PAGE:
Driving under the influence of drugs also applies here. Any amount of an illegal drug detected in your system will get you at least a DWAI/Drug charge, and if another drug or alcohol is additionally present, it becomes a DWAI/Combination. The issue of being under the influence of drugs raises a problem for users of prescription medications that will trip a drug test. For example, the many people that legally take opioid-based pain relievers, such as Oxycodone. Regardless of the legality of your prescription, DWAI/Drug charges still apply if they are in your system while driving.
New York is quite harsh on impaired drivers. The lowest tier of charges, DWAI, brings a fine of up to $500, a jail sentence of up to 15 days, and a license suspension of three months. A DWAI combination where drugs are involved can get you a year in jail with no prior record. And at only your second DWI or DWAI/Drug charge, you are looking at felony sentences with years of jail time and thousands of dollars worth of fines.
3. Vehicular Assault / Vehicular Homicide
If you seriously injure someone while operating a motor vehicle, you may be subject to a charge of vehicular assault under New York law. If the person dies, that charge may advance to vehicular manslaughter or homicide.
The full details of what actions can bring these charges are spelled out in New York Penal Law sections 120.03 and 125.13. These are densely written laws, however, so we will provide a brief summary here.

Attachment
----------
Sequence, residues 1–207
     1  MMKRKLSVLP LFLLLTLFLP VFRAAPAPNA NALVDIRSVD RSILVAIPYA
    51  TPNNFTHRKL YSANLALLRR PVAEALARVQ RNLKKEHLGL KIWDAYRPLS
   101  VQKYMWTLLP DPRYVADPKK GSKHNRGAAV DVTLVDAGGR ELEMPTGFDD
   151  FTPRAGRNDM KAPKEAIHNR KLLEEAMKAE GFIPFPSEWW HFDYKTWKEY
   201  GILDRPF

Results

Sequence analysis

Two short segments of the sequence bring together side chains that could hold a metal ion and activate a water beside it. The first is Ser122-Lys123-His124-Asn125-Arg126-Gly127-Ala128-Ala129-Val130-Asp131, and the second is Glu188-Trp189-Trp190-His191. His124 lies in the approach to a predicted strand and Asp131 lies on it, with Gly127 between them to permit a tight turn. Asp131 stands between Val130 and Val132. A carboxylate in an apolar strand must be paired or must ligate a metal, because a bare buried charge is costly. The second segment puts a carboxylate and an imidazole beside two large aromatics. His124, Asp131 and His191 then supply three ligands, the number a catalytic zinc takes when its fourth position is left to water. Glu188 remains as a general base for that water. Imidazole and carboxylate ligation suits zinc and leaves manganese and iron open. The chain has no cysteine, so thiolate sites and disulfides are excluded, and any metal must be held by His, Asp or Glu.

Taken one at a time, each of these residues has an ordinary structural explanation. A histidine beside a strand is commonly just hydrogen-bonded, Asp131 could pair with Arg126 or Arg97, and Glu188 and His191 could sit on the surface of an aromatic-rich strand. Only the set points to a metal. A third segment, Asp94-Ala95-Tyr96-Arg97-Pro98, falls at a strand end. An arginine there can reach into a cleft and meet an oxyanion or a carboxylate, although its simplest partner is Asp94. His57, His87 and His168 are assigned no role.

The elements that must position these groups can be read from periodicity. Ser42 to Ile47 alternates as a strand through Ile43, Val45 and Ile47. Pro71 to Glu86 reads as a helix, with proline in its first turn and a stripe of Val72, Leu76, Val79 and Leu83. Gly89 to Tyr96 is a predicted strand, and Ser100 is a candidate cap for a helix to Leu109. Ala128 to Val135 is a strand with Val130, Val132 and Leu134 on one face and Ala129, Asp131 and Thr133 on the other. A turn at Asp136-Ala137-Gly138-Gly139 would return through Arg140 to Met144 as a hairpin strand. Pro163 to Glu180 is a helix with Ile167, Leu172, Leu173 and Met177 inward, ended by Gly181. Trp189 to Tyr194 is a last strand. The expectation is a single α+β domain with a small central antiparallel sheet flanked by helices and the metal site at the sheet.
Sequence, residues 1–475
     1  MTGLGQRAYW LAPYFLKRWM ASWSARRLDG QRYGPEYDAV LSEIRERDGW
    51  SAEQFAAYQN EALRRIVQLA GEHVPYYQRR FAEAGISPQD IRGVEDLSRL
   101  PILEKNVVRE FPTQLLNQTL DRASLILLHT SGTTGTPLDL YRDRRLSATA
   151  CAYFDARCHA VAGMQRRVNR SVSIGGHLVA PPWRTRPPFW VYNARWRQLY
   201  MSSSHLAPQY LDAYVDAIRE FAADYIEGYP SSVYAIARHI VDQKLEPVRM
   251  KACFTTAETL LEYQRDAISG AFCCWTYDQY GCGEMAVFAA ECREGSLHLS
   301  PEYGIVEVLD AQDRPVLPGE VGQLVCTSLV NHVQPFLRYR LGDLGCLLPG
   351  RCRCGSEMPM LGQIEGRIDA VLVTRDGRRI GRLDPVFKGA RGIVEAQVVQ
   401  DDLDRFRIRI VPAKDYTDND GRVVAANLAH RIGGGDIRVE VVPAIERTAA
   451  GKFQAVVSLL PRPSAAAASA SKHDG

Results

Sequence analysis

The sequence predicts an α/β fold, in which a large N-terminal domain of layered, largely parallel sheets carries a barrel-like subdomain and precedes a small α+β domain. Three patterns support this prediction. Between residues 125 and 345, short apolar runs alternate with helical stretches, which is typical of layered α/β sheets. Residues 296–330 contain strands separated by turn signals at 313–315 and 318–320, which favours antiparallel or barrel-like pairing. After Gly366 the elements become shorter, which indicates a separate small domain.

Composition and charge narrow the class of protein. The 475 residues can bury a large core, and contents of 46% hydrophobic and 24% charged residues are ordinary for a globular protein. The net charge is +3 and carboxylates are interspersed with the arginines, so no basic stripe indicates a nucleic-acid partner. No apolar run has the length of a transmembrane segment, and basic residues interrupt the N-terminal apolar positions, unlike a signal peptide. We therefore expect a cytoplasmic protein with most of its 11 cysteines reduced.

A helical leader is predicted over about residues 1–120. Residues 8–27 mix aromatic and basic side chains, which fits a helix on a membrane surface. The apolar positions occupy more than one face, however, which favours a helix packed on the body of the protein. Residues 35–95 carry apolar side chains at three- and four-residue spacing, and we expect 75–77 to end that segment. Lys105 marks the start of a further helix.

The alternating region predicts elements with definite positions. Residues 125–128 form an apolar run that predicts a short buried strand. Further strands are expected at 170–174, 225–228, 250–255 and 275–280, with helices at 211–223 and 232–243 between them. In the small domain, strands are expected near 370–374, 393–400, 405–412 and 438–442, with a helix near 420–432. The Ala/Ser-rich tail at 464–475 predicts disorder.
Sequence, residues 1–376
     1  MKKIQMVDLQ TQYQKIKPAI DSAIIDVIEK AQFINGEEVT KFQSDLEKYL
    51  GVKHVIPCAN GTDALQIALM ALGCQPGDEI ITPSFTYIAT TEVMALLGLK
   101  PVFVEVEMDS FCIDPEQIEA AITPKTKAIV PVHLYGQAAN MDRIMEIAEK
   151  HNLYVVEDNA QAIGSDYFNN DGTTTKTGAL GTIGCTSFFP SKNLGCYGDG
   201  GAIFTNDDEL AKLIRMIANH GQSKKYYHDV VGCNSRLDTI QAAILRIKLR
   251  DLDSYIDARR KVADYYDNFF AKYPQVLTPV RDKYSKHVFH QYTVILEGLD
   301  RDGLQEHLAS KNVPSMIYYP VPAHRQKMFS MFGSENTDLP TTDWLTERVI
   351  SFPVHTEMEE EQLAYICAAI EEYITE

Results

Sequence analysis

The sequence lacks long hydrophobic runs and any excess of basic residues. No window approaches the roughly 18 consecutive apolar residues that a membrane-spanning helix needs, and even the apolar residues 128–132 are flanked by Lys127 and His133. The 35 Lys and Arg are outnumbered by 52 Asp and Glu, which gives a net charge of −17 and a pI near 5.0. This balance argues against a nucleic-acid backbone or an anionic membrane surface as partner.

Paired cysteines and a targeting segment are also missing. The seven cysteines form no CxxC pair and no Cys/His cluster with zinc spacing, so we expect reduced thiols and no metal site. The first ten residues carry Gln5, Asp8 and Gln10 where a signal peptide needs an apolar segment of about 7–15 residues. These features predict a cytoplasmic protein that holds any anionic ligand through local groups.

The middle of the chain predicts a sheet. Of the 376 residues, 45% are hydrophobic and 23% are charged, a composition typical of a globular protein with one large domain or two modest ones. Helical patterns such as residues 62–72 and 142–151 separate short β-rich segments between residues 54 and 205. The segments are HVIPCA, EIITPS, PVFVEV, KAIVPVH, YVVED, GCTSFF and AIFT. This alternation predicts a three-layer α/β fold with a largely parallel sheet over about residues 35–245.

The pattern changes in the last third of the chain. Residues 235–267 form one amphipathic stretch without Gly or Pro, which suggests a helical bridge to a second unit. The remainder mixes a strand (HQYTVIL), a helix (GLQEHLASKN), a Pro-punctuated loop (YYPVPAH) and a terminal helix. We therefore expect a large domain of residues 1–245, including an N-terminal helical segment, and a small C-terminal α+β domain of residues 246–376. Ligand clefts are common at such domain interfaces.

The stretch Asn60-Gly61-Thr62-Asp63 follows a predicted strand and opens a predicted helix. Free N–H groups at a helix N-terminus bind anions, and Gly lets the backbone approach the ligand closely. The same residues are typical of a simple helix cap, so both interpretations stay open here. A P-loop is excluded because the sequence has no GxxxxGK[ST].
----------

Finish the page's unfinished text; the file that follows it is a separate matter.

You may be facing a charge of this nature if any of the following circumstances came into play in the accident, regardless of your intent while driving:
- You were under the influence of a drug
- You were piloting a large commercial vehicle (such as a tanker truck) containing flammable or explosive material, and that material caused the injury
- You meet the conditions for an aggravated DWI (.18 BAC)
- Your license was suspended or revoked at the time of the accident
- A child was a passenger in your vehicle at the time and died as a result of the accident
These are all felony charges. A vehicular assault ranges from Class E to Class C depending on the circumstances. Vehicular manslaughter is a Class D or C felony that can bring a maximum sentence of 15 years for the most serious charges. The most serious form of vehicular homicide, an “aggravated” charge, is a Class B felony with a minimum sentence of 20 years.
4. CMV / CDL Disqualifications
If you’re a professional driver, your commercial driver’s license is as vital to your ability to make your living as a tool belt is to a construction worker. That puts you in serious trouble when it is suspended.